Is the Matrix a Syndicate Wars ripoff?

When the Matrix movie came out in 1999, it was praised not only for its impressive special effects and intense fighting scenes, but also for its intelligent plot. The central plot point of the movie is the discovery by the protagonist that the seemingly normal world he was living in is in fact fake. In reality, humans are enslaved, their bodies stored in liquid containers and what they perceive as their normal everyday life is just neural signals fed directly into their nervous system.

This clever idea may not have seemed completely new to all viewers, however. Those who had previously played the computer game Syndicate Wars, released three years earlier than the Matrix movie, may have noticed some similarities between the two stories. The game’s intro introduces us to a world where all people have a chip attached to their neck. The chip, so we learn, is used to manipulate how the people perceive the world, creating an illusion of an ideal, happy world. When the chip starts to malfunction, however, a grim and violent reality is revealed to lie behind the illusion.

Welcome to the Matrix

Welcome to the Matrix

The core of the plot of both stories is therefore basically identical. The similarities don’t end there, though. There’s the dark and rainy futuristic city, the trench coats, the excessive use of guns… There’s even a scene in the movie where the protagonist is given a choice between a red and a blue pill, which, as Syndicate Wars players will notice, resembles the two drugs used in Syndicate Wars to affect the behaviour of your agents: Blue Funk and Red Mist.

Red pill or blue pill?

Red pill or blue pill?

So did the Matrix rip off Syndicate Wars? The similarities are certainly striking and the chronology leaves open the possibility that the Matrix makers knew the game. However, even if the movie is in fact inspired by the game, it would not be right to simply call it a ripoff, because the core plot idea was not really new in Syndicate Wars either. In fact, the combination of both a positive vision of the future (utopia) and a negative one (dystopia) in one story is a frequent motif in science fiction. There are probably many books and movies that could be named here, but I will mention only one which seems particularly relevant: Stanisław Lem‘s The Futurological Congress.

Lem was a Polish science fiction writer with a very vivid imagination and a taste for black humour. He wrote The Futurological Congress in 1971, and the story seems relevant to Syndicate / Syndicate Wars in two ways. First of all, the book makes use of the exact same motif of “utopia as illusion”: The protagonist travels to the future and finds an ideal world: Peace all around the earth, everyone is wealthy and happy. As time goes on, though, he discovers that it’s all just an illusion, and that the reality behind the illusion is a nightmare: The world is destroyed by wars, everyone lives in poverty and poor health, but no one is aware of it because people’s minds are manipulated to create the illusion of utopia. The second point is the pervasive usage of psychoactive drugs. This is a core concept in The Futurological Congress: Lem describes a world where a large variety of drugs are available to manipulate people in any way desired. There are drugs to make people happy or angry, to make them believe something, and so on. In the novel, this was at first used by governments to manipulate people in certain ways, and eventually led to a large-scale use of hallucinogenic drugs to create a permanent illusion of a utopia. Note that this motif appears in the Syndicate games, too, where you manipulate your agents with drugs. As the Syndicate manual explains, you can adjust the Intelligence, Perception and Adrenaline (IPA) levels of your agents to change their behaviour, making them faster or more aggressive. Syndicate Wars had the same concept, although it was simplified to only the two drugs mentioned above (Blue Funk / Red Mist).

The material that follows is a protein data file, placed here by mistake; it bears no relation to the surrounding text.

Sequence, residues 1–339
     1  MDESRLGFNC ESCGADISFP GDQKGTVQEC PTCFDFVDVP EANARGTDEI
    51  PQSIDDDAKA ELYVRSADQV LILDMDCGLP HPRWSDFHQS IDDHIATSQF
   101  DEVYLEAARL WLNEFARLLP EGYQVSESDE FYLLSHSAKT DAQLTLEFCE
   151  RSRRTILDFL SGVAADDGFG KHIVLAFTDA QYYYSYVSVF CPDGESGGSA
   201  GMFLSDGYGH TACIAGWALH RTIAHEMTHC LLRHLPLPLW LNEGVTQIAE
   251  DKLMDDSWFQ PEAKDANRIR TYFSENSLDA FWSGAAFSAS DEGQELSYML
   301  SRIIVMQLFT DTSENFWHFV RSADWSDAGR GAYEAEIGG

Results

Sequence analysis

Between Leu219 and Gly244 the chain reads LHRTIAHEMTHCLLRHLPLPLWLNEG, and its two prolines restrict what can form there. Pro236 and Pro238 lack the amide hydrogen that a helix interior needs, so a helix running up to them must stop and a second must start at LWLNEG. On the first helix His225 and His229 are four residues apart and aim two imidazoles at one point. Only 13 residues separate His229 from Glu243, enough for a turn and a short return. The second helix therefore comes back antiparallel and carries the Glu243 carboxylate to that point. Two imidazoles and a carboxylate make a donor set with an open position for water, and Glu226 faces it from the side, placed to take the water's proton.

The most notable difference between the two storylines (Futurological Congress vs. Syndicate/Matrix) is that in Lem’s book, there is no computer technology involved in manipulating people and creating an illusion of utopia. In the light of the above mentioned similarities, though, it seems at least possible that the creators of Syndicate Wars were familiar with Lem’s work.

The motif of two realities, one as it really is (objectively) and one as we perceive it (subjectively), could be traced even much further back. In fact, the core of it is already there in Plato’s Allegory of the Cave, written roughly 2500 years ago, in which Plato describes some persons stuck in a cave observing shadows on the wall of the cave. The shadows come from people passing by the cave, but since those inside cannot leave, they only get to observe the shadows. He then describes the philosopher as someone who understands that the shadows are not the actual reality, and that it’s necessary to see beyond the shadows on the wall to understand the true nature of things.

Toto Review: The Matrix [A Matrix review that mentions Syndicate]
List of dystopian literature on Wikipedia
Thread on retrogamer where Syndicate Wars / Matrix similarities are discussed (briefly)

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